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Wavelike, collective oscillations of electrons known as "plasmons" are very important for determining the optical and electronic properties of metals.

In atomically thin 2-D materials, plasmons have an energy that is more useful for applications, including sensors and communication devices, than plasmons found in bulk metals. But determining how long plasmons live and whether their energy and other properties can be controlled at the nanoscale (billionths of a meter) has eluded many.

Now, as reported in the journal Nature Communications, a team of researchers co-led by the Department of Energy's Lawrence Berkeley National Laboratory (Berkeley Lab)—with support from the Department of Energy's Center for Computational Study of Excited-State Phenomena in Energy Materials (C2SEPEM)—has observed long-lived plasmons in a new class of conducting transition metal dichalcogenide (TMD) called "quasi 2-D crystals."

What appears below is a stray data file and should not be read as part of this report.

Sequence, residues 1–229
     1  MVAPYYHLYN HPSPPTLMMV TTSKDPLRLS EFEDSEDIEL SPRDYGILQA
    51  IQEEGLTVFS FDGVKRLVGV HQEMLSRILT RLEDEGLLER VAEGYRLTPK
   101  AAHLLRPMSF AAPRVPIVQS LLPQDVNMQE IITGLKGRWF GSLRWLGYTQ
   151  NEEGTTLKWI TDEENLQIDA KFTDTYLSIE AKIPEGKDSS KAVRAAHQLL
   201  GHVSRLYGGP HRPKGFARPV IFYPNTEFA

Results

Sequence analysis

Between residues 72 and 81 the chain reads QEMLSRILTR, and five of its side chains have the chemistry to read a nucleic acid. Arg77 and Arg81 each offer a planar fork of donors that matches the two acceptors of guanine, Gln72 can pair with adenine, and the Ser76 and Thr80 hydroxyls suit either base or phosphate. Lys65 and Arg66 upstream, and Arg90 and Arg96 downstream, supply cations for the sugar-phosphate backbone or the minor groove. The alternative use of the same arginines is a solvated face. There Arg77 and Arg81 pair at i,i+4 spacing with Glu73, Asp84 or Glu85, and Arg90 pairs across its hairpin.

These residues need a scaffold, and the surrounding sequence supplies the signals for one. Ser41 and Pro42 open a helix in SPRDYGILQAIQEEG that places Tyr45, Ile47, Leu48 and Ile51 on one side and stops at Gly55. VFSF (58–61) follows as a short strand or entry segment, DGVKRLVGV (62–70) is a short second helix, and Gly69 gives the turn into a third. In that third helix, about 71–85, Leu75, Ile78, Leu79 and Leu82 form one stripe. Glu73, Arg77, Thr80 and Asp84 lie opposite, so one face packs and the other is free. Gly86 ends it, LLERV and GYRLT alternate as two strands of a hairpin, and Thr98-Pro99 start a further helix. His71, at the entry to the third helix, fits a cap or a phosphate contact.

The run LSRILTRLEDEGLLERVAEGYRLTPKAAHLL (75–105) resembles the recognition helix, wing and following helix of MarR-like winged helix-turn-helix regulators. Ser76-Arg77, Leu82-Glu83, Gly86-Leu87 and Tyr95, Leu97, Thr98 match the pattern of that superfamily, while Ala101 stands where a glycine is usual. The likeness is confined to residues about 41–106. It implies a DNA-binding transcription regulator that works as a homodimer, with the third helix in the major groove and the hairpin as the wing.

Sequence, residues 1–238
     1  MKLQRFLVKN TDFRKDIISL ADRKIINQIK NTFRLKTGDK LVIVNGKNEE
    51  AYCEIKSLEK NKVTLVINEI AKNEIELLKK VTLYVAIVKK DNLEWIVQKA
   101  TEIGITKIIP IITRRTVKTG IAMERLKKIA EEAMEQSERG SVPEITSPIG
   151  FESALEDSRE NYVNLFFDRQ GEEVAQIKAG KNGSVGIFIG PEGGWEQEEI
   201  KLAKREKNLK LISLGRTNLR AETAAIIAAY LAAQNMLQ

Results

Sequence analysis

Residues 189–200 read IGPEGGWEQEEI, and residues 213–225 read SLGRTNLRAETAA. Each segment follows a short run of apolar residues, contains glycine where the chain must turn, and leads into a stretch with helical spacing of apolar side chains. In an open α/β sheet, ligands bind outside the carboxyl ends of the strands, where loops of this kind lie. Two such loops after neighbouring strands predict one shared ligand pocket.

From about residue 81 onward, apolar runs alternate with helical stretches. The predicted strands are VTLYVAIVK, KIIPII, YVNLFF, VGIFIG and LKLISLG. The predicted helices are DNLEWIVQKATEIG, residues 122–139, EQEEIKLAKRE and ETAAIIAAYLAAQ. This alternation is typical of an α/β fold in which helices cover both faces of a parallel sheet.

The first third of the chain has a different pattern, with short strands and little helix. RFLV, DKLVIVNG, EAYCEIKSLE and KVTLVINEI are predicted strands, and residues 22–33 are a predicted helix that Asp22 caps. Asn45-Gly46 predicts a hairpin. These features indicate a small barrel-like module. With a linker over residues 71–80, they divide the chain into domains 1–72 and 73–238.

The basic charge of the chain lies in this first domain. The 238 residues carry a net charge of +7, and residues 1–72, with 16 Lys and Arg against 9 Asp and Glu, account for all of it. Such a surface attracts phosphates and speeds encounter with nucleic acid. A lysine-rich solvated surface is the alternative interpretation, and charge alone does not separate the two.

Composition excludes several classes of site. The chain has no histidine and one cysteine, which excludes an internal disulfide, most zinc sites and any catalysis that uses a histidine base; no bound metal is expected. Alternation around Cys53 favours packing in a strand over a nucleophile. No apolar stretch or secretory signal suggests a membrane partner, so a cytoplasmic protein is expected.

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Category: Science
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